Extra Precautions You Should Be Taking During Pregnancy
Pregnant women face a number of challenges. There are at least 4,000 different kinds of known birth defects, some of which can be prevented. Women must be aware of the various risks that could endanger the lives of their unborn child. There are some precautions everyone should be taking during a pregnancy for the health of the baby and themselves.
This is a very real threat to expectant mothers. The bacteria disease frequently occurs when contaminated vegetables, deli meat and cheeses are ingested. The baby is at risk of getting a fetal infection if exposed to a bacterial disease. Mothers with listeriosis face elevated risks of stillbirths and miscarriages. Precautions like thoroughly cleaning vegetables thoroughly when preparing them and making sure that meat is fully cooked.
Certain medications can also put a pregnant woman at risk, even if she has been prescribed them. Medications enter the bloodstream and can potentially enter the placenta. Medications are the biggest threat to women during their first trimester of pregnancy. While certainly not all of them are harmful, it’s important to do proper research before taking any new medicine. Medications should be cleared with a physician prior to use.
Alcohol consumption is another risk to women. Alcohol can cause more abnormalities in unborn children than one might expect. Alcohol can be removed from the system naturally but the unborn fetus is unable to eliminate the dangerous alcohol from the system independently. The child’s nervous system can be affected by the alcohol consumption. Pregnant women are encouraged to abstain from drinking alcohol.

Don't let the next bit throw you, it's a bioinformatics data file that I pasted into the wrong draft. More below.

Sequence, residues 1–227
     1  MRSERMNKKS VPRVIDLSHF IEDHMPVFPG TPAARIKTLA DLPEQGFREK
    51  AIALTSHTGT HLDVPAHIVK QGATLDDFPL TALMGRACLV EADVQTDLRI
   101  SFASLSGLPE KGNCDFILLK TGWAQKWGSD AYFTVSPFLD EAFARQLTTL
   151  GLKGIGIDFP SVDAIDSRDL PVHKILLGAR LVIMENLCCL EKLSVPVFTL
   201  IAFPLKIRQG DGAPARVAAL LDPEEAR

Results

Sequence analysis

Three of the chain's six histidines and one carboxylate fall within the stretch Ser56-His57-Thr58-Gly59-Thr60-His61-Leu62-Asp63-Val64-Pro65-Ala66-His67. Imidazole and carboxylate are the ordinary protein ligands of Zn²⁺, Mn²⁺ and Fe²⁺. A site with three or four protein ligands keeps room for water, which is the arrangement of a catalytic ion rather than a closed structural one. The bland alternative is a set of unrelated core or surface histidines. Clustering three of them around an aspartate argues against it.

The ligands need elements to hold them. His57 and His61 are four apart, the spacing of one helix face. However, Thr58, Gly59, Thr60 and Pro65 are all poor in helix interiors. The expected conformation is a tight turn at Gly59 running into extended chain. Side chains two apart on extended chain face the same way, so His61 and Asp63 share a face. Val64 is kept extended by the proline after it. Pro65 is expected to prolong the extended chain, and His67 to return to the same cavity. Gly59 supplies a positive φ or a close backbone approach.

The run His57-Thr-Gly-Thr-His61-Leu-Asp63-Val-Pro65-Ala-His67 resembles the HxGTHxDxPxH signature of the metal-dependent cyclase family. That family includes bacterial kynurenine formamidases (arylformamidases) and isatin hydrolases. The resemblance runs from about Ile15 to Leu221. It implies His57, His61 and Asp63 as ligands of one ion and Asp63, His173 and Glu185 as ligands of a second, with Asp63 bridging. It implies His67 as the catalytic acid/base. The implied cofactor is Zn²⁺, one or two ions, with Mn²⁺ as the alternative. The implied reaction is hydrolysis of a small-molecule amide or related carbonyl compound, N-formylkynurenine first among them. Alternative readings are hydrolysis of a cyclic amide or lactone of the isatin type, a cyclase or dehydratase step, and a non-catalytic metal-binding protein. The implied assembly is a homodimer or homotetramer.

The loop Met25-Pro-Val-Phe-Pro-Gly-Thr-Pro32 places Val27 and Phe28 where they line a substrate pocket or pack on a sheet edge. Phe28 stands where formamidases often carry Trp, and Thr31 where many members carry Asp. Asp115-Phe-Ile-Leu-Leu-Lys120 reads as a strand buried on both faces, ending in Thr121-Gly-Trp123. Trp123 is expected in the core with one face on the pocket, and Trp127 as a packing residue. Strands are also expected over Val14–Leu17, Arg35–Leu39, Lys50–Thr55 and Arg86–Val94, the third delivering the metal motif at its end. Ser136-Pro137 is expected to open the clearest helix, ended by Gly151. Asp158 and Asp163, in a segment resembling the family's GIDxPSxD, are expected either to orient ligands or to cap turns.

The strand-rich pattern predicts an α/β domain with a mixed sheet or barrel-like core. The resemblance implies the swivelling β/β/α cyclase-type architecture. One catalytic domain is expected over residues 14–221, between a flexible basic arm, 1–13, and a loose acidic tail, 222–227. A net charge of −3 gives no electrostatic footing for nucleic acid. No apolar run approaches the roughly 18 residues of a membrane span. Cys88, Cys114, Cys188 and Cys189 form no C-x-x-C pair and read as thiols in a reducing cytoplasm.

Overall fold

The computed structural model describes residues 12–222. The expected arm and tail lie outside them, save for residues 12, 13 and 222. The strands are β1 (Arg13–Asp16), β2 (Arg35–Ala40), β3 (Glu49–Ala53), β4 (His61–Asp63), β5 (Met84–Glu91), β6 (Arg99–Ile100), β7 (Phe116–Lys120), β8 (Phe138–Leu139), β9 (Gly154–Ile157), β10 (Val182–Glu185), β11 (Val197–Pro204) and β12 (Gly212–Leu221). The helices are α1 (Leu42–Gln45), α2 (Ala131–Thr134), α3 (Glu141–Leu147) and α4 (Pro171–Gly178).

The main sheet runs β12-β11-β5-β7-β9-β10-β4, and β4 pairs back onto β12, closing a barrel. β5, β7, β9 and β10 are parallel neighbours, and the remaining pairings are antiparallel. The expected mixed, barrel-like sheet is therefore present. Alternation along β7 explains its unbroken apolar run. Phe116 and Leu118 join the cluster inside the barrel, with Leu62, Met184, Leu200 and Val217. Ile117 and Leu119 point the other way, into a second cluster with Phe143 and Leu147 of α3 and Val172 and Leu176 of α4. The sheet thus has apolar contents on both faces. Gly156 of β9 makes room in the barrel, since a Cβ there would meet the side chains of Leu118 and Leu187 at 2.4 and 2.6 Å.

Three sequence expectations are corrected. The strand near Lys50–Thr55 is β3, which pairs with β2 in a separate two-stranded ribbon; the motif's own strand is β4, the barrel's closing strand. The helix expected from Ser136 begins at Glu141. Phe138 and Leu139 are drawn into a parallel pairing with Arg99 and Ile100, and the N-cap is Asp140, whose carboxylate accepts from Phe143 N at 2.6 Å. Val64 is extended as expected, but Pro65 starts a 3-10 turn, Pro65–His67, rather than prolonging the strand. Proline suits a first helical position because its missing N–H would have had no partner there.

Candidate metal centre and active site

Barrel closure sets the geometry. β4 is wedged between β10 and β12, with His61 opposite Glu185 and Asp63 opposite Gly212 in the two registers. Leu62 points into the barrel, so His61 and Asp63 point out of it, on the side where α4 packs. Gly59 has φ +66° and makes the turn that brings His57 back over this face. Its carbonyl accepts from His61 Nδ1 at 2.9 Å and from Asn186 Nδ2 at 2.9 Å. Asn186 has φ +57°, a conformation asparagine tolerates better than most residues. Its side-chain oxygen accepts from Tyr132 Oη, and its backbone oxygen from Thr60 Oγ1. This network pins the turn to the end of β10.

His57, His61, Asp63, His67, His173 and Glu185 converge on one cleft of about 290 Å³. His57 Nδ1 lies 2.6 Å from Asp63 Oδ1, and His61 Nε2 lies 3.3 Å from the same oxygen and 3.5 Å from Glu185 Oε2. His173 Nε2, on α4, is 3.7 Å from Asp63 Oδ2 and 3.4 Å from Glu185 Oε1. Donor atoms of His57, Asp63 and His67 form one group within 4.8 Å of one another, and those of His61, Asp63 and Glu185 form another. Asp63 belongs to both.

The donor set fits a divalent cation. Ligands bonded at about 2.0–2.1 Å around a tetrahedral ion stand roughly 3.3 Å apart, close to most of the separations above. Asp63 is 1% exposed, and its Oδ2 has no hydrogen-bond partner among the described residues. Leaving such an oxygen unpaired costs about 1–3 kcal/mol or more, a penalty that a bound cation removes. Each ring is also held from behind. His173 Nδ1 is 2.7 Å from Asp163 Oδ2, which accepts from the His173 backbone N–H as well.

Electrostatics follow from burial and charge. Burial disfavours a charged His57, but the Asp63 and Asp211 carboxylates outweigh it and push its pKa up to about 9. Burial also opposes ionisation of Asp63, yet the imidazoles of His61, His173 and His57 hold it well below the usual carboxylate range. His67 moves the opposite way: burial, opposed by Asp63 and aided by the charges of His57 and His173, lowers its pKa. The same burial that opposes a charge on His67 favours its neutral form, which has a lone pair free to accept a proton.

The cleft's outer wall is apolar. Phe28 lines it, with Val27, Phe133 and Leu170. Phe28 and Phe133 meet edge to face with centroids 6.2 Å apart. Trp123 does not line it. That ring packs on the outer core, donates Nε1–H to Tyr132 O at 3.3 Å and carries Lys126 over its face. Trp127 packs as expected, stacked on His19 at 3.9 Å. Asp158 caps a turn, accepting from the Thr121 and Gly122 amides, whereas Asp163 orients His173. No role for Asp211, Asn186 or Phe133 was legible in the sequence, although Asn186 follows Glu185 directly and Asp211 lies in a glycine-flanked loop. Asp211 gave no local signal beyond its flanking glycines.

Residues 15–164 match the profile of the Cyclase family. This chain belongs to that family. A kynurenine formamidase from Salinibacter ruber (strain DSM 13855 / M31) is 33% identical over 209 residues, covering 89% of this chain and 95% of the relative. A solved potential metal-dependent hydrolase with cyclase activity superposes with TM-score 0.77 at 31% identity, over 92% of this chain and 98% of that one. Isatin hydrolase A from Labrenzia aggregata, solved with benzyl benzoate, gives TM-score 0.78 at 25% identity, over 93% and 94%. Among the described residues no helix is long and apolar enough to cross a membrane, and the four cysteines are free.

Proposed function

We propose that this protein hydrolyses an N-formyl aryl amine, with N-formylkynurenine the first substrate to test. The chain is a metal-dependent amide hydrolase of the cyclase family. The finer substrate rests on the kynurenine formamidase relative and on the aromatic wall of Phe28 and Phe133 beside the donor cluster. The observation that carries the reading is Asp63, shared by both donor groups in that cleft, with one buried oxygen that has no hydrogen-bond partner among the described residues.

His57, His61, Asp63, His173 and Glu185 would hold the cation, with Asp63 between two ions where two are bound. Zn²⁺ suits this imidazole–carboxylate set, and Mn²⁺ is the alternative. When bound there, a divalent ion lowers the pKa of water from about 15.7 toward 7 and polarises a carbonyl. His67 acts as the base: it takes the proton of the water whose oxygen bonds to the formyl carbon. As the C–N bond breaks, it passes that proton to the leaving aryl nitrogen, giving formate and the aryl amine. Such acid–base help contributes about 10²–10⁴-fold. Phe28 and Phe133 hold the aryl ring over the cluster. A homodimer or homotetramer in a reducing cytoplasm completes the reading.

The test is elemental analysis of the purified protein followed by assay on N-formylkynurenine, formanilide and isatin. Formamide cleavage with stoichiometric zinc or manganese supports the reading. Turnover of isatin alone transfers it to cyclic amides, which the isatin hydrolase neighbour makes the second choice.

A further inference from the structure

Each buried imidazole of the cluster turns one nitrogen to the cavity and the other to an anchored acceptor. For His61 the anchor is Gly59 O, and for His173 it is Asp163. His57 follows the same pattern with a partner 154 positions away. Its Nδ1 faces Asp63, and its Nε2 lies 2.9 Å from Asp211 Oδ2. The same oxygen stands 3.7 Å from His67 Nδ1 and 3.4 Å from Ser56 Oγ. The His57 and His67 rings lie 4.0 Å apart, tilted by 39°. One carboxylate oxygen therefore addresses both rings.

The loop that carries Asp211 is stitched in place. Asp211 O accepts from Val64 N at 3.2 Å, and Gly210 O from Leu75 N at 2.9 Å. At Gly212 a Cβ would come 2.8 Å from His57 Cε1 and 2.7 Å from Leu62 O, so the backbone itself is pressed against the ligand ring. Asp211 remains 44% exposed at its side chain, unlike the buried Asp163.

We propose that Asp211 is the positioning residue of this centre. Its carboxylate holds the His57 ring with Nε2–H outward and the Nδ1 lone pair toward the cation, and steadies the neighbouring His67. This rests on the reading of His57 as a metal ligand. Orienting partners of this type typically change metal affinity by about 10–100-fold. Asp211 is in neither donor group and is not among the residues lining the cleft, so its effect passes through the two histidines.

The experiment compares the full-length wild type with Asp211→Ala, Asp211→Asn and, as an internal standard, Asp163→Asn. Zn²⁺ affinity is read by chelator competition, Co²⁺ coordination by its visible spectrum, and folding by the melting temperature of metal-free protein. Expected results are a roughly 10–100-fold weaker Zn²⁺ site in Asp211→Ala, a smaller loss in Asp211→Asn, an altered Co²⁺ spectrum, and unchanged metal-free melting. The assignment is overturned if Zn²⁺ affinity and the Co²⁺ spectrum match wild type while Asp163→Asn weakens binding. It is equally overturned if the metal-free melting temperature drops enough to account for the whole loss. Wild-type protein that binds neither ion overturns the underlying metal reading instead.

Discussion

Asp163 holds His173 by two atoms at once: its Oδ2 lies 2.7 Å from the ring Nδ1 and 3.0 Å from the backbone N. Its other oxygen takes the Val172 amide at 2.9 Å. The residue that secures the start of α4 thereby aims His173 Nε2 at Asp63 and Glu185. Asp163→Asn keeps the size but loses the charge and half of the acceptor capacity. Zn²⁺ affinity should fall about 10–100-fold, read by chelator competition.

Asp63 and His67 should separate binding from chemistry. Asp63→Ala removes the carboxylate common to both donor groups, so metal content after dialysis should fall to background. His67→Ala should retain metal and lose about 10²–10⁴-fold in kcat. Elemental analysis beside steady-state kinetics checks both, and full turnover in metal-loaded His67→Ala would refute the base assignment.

In pregnant women, caffeine can impair the body’s ability to absorb minerals and nutrients in their diet, which can deprive the unborn child of the proper nutrition they need. Caffeine consumed in certain quantities can lead to SIDS in children. Women are recommended to have no more than 300 mg of caffeine each day as a part of their diet. That equates to approximately one cup of coffee each day. Talk to your doctor about risks and dosage. A soda every now and then won’t be causing damage, but five cups of coffee a day just might.
Women with high-risk pregnancies should always seek a specialist. A specialist can really cater to the specific health needs of a pregnant woman with a certain background. Women who have previously had a miscarriage may need to be closely monitored throughout the pregnancy, says Gilbert Webb, MD at Mercy.net. A person who has diabetes, high blood pressure, preeclampsia or seizures should be advised by a specialist.
Women are exposed to a number of risks in their everyday lives when pregnant. Everything from cooking habits to medications can pose potential health risks to unborn children. All women should exercise these precautions to minimize the chances of miscarriage and birth defects in their children. It’s important not to stress about the small things too much though. Talk to your doctor about special precautions you should be taking during pregnancy and enjoy this wonderful time your life.